Brederode Castle, locally known as Kasteel van Brederode, lies in the dunes and woodlands northwest of the village of Santpoort, in the North Holland province in the Netherlands.
Brederode Castle was built in 1282 by Willem van Brederode. The first castle consisted of a bailey and a square keep which probably stood at the present day courtyard. Its function was to control the through road to the Kennemerland region.
Around 1300, the main castle was built with 3 square and 1 round tower at its corners. This castle was besieged and destroyed by the Cod troops under the command of Gijsbert van Nijenrode in 1351.
Between 1354 and 1426 Brederode Castle was completely restored on the existing foundations. Until its destruction in 1426 by the people of Haarlem, which mainly damaged the southern part of the castle, Brederode Castle had been the residence of the Lords of Brederode. Afterwards they moved to Batestein Castle in Vianen, which they had gained by marriage.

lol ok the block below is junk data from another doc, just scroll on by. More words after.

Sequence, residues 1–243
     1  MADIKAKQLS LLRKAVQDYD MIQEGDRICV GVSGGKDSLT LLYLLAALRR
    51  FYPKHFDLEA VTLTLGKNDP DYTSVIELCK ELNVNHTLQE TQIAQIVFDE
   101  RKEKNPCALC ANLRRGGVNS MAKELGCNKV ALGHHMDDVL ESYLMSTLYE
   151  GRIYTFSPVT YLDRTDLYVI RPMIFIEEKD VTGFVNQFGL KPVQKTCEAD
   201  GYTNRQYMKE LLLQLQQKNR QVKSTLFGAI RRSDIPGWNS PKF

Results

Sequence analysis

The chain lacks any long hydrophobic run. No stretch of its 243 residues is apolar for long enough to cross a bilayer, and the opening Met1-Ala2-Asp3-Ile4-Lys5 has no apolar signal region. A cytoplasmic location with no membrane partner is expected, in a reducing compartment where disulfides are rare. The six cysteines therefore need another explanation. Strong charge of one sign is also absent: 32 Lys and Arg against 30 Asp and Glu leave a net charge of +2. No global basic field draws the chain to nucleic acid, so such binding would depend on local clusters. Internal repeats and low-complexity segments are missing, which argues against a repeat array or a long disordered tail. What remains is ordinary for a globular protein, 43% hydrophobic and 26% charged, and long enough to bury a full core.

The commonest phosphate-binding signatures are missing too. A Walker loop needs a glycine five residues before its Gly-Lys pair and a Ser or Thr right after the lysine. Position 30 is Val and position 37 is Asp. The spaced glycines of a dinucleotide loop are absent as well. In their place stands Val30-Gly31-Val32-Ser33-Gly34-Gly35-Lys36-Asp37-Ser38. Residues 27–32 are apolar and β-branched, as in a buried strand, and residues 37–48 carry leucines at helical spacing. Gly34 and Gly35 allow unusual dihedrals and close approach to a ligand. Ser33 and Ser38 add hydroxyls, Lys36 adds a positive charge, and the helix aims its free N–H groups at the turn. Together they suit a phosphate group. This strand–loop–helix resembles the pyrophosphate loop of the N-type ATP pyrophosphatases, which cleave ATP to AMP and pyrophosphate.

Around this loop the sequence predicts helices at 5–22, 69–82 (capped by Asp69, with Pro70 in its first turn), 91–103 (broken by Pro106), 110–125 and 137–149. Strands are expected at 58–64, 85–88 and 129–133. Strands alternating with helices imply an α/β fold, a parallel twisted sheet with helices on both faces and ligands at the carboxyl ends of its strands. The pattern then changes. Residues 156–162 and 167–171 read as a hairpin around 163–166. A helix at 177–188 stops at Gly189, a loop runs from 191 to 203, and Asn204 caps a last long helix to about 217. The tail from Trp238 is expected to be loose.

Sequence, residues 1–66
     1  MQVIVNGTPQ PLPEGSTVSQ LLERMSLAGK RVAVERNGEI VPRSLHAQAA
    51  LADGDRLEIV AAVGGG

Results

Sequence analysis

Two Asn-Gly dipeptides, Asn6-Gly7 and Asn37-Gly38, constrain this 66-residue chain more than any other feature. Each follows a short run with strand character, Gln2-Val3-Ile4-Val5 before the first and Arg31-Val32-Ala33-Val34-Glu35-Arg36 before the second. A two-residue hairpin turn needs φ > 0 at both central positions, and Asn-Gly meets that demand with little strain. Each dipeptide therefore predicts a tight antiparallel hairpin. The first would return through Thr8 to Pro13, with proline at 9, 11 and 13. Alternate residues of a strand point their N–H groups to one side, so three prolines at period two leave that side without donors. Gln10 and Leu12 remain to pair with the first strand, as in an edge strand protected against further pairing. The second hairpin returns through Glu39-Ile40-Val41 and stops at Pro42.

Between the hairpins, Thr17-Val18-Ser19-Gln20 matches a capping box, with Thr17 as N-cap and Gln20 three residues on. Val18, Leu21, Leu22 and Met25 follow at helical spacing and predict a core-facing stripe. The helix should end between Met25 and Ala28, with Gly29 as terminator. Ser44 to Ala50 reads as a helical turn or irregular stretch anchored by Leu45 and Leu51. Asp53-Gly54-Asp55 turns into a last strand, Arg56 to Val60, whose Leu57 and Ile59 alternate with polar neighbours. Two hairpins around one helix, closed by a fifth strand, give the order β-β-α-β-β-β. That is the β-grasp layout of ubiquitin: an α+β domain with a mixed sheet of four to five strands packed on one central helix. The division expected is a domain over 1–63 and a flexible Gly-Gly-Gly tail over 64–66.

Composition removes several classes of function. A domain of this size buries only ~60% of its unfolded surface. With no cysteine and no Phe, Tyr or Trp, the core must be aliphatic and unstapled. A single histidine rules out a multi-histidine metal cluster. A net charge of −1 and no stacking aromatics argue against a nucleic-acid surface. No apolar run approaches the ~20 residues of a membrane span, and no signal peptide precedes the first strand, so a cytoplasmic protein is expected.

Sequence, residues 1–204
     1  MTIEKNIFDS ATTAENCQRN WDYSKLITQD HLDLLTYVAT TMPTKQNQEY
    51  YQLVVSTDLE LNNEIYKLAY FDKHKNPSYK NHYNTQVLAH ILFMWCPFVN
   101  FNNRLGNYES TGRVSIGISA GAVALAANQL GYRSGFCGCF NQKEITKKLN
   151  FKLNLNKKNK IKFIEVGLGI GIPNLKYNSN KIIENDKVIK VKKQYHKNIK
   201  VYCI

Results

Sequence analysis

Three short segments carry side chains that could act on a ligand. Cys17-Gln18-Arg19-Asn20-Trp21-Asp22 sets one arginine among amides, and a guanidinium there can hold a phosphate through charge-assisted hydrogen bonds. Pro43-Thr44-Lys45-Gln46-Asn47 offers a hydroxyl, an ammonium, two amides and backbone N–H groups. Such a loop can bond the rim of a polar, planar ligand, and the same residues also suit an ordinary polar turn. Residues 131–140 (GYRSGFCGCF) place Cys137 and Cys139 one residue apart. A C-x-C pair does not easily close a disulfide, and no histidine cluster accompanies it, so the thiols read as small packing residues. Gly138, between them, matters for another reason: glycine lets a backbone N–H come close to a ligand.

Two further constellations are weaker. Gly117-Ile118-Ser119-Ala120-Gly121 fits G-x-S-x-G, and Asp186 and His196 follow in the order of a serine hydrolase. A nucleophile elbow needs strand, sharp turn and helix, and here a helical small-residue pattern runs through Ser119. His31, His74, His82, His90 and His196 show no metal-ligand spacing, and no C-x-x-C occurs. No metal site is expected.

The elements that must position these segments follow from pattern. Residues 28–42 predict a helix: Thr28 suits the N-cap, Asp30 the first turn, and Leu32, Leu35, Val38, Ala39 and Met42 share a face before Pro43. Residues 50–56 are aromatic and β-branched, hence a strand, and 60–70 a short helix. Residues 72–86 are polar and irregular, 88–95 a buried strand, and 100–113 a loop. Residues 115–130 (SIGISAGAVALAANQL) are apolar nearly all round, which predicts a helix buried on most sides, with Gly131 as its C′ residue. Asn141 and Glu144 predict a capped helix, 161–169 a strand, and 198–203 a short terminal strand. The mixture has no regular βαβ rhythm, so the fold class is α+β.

It took until 1464 before the northern part, which had been less damaged, was again suitable for habitation. The new castle wasn't a defensible house anymore, but a fairly comfortable residence. In 1491 however, the castle fell prey to plundering German soldiers and the castle fell into decay.
Around 1573, shortly after the siege of the city of Haarlem, Spanish troops set fire to the castle. With that the north wall of the kitchen wing collapsed and fell into the moat. Its debris nowadays forms a little overgrown island in the moat.
In the following period only the buildings on the bailey were habitable, but after 1600 these also fell into decay.
In 1679 the fief fell to the States of Holland, due to the death of Wolfert van Brederode.
In the two and a half century that followed, from 1600 till 1862, the ruins of Brederode Castle slowly disappeared under the dune sands. Only small pieces of wall stuck out of the sand.
From 1862 until 1903 the castle ruins were excavated and researched. Also between 1986 and 1988 the castle's construction history was researched.
Up until the end of 2012, Brederode Castle could be visited, but because of the present crisis the government was planning to stop the subsidy which kept the castle open. So it would no longer be possible to visit. But after regional protests the castle will be opened.